Well I lost Eliana today. (and yes you can looses a child in your own house)
I was getting the boys ready for church today, and turned around to - no Eliana. So (with the help from the boys) we started looking around the house. Any parent knows that kids usually hide in obvious places - and when there not in those obvious places, you can just follower the giggles:) But, today there was no giggles to follow.
We checked the whole house - and still no Eliana. At this point I was becoming very nervous - and late for church.
On checking her room for the 3rd time I saw a white diaper!
And out popped little miss Eliana.
And how did she get up there you ask?... From this big elephant.
Today as we move deeper into the jungle we find the creature know as "curtains". The "curtain" is camouflage and will hide itself well where there is shrubbery and other plant life.
The birthing process for this animal is as follows:
As a new born this animal will be an all white sheet, but after the process of tie dye, it assumes a green coloring throughout (if you would like it to be really bright, you must use all cotton - I used cotton/polyester blend so it is really light). As the curtain matures even more, the shapes of plants and vines and leaves are applied by using iron on adhesive. The fully mature curtain is identified by two patches of little monkey faces.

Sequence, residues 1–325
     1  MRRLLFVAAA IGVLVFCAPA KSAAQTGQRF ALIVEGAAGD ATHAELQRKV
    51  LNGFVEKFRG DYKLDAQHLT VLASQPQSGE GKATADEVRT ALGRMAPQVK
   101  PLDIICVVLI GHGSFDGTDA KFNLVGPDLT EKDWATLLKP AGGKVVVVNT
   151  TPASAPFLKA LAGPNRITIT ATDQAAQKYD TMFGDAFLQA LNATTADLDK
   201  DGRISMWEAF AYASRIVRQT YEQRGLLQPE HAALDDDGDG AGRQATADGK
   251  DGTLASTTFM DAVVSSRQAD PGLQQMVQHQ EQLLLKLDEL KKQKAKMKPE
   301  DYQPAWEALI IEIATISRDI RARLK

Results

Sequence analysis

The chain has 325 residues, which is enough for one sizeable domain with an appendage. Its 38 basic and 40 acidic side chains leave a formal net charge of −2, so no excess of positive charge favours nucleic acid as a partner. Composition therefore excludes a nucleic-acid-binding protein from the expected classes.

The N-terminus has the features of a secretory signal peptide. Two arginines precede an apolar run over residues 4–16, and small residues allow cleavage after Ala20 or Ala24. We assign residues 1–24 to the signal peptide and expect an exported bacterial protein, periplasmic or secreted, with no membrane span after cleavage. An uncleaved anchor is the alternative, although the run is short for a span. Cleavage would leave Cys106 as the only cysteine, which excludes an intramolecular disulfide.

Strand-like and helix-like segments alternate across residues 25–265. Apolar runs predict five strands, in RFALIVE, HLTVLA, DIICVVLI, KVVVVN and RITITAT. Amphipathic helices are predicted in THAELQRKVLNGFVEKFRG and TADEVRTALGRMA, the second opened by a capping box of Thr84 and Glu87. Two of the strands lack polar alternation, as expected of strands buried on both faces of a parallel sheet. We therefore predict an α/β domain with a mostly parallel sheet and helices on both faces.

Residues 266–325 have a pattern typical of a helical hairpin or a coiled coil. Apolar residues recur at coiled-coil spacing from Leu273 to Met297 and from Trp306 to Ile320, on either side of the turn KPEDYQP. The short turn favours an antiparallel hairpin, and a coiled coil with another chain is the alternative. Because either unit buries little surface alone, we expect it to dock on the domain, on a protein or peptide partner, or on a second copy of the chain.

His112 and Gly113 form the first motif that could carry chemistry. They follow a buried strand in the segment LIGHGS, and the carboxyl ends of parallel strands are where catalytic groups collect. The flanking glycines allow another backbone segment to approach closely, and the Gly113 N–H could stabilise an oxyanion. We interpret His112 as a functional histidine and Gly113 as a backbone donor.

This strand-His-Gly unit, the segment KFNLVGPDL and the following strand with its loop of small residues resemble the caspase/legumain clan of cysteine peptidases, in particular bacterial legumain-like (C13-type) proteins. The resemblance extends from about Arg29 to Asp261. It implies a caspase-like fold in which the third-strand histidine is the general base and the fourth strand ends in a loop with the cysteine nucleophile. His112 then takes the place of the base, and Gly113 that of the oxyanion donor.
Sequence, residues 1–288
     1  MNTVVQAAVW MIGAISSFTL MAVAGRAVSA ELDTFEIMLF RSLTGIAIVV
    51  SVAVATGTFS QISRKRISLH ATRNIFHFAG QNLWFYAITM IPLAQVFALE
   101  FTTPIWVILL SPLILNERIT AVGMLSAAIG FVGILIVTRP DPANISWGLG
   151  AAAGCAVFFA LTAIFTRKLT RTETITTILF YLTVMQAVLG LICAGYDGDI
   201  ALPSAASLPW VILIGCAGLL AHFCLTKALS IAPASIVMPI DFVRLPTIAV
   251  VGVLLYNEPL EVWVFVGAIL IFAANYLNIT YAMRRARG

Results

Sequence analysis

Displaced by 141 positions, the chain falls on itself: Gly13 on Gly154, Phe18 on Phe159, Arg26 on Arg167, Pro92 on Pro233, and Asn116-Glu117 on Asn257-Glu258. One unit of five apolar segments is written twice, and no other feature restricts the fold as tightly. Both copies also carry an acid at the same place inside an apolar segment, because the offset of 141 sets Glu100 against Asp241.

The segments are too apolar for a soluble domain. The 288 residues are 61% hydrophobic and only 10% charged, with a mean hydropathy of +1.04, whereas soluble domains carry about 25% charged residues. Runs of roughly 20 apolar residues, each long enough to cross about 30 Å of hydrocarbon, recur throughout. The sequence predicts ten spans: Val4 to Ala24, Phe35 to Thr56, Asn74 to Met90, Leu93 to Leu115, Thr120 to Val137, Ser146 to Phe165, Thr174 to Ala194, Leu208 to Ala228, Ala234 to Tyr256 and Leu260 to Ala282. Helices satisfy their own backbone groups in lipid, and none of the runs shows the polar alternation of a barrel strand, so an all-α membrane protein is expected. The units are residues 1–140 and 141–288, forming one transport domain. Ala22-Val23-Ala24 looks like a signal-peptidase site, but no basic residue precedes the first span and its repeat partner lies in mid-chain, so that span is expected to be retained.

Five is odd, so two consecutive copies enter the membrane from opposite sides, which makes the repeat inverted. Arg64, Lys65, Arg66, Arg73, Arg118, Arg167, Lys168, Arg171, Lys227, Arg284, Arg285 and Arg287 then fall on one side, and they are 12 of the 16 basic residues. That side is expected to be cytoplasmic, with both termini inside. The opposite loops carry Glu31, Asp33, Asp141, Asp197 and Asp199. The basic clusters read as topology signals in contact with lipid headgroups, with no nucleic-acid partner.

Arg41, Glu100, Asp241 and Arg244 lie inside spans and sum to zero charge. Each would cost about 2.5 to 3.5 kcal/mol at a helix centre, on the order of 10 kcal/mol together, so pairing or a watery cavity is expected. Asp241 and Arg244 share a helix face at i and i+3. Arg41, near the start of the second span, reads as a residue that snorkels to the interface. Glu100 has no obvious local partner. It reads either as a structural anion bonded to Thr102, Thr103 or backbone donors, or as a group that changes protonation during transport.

Awhile ago I posted that I was making 2 quilts, 2 curtains for my sister in-law. I had planned on posting pictures right away... but it took a little longer to finish than I had planned on, and just about the time I did finish - my camera fell in the river :(
So here I am, I did get a new camera, and I am going to post about these items I made (one at a time) and hopefully you guys enjoy them.
When my sister in-law asked me to do this for her she wanted a jungle theme for her kids - so these next few blog posts are an invitation to come on a jungle safari. The first animal we will see today is the pillow.
The male of this species is referred to as "Brandon". And even from behind you can spot the male because of his bright orange marking.
The female is referred to as "Kinsey". She can be spotted from behind as well by her pink marking.